Child Life's Music Therapists singing to a patientThe Music Therapy Program and Cherese Mari Laulhere Child Life Program at MemorialCare Miller Children’s & Women’s Hospital Long Beach has greatly benefitted thanks to generous annual donations from Liset and Alex Meruelo of the Meruelo Group. The couple made their first donation in 2016 to help expand the Music Therapy Program, and have donated each year since – helping bring $100,000 to the program over the last seven years.

The Meruelo Group has also contributed through their Bear Hugs Toy Drive, delivering hundreds of stuffed bears to patients at their bedside to help them feel supported and loved. The Meruelo Group has been generously donating stuffed bears for 27 years and continue to donate each year.

Over the years, the Music Therapy Program has been able to expand its musical equipment to help soothe hospitalized children and their families with the healing power of music. Through the program, a music therapist facilitates bedside music therapy and group music therapy sessions. Thanks to the generous donations from the Meruelo Group, music therapists are able to buy microphones, instruments, new computers, laptops, and updated software for recording capabilities.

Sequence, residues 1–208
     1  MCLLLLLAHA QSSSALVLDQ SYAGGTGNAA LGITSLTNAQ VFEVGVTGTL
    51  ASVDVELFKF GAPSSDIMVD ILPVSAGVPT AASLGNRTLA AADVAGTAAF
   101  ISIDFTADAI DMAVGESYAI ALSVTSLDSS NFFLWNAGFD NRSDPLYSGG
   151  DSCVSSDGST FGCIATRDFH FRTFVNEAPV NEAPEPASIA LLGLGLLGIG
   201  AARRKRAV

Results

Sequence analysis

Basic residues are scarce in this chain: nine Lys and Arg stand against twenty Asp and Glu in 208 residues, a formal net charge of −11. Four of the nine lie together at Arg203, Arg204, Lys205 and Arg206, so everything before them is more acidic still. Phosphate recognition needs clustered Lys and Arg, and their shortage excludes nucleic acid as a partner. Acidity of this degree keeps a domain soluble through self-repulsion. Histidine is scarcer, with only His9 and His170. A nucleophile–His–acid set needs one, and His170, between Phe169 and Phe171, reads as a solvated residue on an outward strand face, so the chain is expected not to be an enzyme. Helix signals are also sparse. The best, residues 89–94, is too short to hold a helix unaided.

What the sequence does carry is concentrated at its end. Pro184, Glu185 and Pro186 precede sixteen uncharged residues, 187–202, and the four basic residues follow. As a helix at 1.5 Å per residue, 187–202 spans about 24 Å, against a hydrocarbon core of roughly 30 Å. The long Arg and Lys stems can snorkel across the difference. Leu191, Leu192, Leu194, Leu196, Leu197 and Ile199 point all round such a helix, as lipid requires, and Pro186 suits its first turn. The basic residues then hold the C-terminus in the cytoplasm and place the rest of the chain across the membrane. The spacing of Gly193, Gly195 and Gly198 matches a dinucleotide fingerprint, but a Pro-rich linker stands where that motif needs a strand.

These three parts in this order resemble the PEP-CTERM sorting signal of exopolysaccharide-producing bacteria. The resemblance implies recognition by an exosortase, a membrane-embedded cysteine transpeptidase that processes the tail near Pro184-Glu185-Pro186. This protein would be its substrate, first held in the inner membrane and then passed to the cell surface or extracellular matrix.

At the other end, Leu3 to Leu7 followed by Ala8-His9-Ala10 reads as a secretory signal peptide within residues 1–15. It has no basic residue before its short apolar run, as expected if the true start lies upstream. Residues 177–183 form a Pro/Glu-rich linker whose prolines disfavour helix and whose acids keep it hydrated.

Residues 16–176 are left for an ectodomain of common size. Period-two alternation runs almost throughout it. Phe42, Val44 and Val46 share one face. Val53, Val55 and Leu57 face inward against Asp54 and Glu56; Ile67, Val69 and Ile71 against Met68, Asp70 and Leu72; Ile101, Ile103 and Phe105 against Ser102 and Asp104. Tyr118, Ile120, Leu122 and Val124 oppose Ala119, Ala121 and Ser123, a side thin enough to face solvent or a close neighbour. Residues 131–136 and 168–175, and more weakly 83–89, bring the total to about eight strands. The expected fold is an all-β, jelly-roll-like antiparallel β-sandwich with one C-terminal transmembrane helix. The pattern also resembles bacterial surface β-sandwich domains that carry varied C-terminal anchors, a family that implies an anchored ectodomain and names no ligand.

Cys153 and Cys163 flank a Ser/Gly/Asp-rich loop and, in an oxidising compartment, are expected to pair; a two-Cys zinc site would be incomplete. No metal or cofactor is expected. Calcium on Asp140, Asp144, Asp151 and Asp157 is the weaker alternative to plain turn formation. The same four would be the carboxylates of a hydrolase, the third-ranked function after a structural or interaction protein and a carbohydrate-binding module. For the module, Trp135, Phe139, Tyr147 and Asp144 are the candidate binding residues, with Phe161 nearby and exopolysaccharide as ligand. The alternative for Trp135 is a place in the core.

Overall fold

“Donations like ones from the Meruelo Group allow us to help our patients and families,” says Laurel Terreri, MA, MT-BC, music therapist, Cherese Mari Laulhere Child Life Program. “Enhancing our program with new technology gives patients the chance to record original songs, play different instruments, or record a patient’s heartbeat for those nearing end of life for the parents to keep.” A vital part of the Music Therapy Program is to use the power of music to brighten the lives of patients and improve creativity, communication, and confidence, while also providing a distraction for patients and families who may be experiencing anxiety due to treatments.

“We tailor the program individually to meet each patient’s needs and based on what they wish to do, such as getting to choose which instrument they want to play,” says Terreri. “We always hope that when we leave their room, their faces look a little brighter.”

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